Work interests: Providing NPO social network for better research communication
Affiliation/website: Serving all members of the Research Cooperative
Preferred contact method: Other (details below)
Preferred contact language(s): English
Contact: email (researchcooperative atto gmail dotto com)
Favourite publications: PJ Matthews and J Akamine, eds. (2004) Research Writing in Japan: Personal, Cultural, and Practical Perspectives, Senri Ethnological Reports No. 49. National Museum of Ethnology, Osaka.
Update profile with cog icon
Update a public profile
After login, you can expand and update the details of your profile using the Cog button at upper right when viewing your own public profile page.
To see your profile page, click on the tab with your profile name in the main menu. This will always be visible, wherever you go within the Research Cooperative network.
Alternatively, you can look for the "Account settings" sub-tab under your profile name in the main menu (put your cursor over the main menu tab to see the dropdown menu).
Among other settings, on the settings page, there is a tab for "Profile". The menu on your settings page should look something like this:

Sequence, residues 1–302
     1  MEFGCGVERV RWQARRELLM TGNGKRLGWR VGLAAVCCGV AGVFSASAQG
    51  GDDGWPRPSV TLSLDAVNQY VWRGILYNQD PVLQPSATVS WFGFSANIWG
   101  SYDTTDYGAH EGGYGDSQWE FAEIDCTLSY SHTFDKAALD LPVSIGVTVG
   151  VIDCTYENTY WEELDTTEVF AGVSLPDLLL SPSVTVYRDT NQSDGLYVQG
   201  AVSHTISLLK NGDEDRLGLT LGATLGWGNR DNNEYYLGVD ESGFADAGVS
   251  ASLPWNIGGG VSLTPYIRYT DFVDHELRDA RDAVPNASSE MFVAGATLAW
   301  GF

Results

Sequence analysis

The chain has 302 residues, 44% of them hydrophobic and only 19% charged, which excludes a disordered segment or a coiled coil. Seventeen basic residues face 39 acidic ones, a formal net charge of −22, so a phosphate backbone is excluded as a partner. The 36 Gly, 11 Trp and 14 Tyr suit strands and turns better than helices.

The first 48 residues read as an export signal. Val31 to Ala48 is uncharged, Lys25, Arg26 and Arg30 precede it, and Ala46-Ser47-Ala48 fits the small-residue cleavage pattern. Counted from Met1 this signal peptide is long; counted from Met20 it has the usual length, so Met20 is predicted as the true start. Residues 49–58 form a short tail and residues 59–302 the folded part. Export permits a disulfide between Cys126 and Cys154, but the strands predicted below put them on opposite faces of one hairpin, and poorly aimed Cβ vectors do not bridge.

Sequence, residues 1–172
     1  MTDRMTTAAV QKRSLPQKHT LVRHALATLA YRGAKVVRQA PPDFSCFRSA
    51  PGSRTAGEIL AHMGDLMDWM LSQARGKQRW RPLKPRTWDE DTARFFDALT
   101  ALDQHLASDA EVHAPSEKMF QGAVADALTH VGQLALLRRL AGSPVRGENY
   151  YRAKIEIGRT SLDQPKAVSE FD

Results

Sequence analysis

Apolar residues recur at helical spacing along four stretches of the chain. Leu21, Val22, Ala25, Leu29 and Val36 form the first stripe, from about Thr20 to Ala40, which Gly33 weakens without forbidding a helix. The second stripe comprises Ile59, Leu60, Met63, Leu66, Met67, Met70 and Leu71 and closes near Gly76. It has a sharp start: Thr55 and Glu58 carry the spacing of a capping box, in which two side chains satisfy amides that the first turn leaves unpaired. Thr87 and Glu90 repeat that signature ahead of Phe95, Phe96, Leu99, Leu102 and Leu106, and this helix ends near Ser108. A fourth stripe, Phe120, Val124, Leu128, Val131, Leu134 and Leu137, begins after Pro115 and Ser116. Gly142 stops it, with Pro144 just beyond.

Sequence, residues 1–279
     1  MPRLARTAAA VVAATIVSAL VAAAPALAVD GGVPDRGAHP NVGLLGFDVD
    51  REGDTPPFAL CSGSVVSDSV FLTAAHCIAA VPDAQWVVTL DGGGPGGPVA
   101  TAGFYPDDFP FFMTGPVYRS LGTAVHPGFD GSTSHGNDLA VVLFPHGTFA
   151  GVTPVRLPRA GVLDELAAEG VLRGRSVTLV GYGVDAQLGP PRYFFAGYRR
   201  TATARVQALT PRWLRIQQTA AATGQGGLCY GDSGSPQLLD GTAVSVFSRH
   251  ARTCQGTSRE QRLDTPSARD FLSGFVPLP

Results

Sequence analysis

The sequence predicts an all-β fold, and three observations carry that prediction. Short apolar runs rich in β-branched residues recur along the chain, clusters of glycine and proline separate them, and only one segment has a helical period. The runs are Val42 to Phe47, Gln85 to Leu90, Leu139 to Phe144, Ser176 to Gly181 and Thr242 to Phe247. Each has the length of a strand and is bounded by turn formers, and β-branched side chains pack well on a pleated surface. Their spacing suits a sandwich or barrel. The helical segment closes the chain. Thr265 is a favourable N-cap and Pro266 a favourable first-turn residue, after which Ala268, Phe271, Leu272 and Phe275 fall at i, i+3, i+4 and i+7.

Depending on your member status, you may be able to create additional public profile pages using the "create new profile" tab located at right on the profile settings page (not shown in the example above).
Make more than one profile, with one account
When you first join the Research Cooperative, as a "Regular member", a public profile page is automatically generated and your user account is linked to this page. Later, whenever you return to the site with your password and username (or email address and username), it is possible to edit and update your first profile with further details, or new details.
You can also create a second or third profile using the + button that appears at the top of your profile page when you log in. For most people, one profile may be enough, but there can be good reasons for wanting to have separate public profiles for different activities or areas of work.
Any of your profiles can be made public or not by selecting how people can see the page. You might want to do this while experimenting with the look and content of your profiles.
In general, profiles in our network will be public as they are the basis on which services and offered or requested. Editors or translators, for example, are happy to know about potential customers who contact them, in order to judge whether to accept a request, or offer a service, to a potential customer.
There are advantages for both the researcher and the service provider when both parties have a public profile within the same network: with public profiles, members can more effectively look for help, or offer help, communicate with each other, and establish mutually-beneficial working relationships.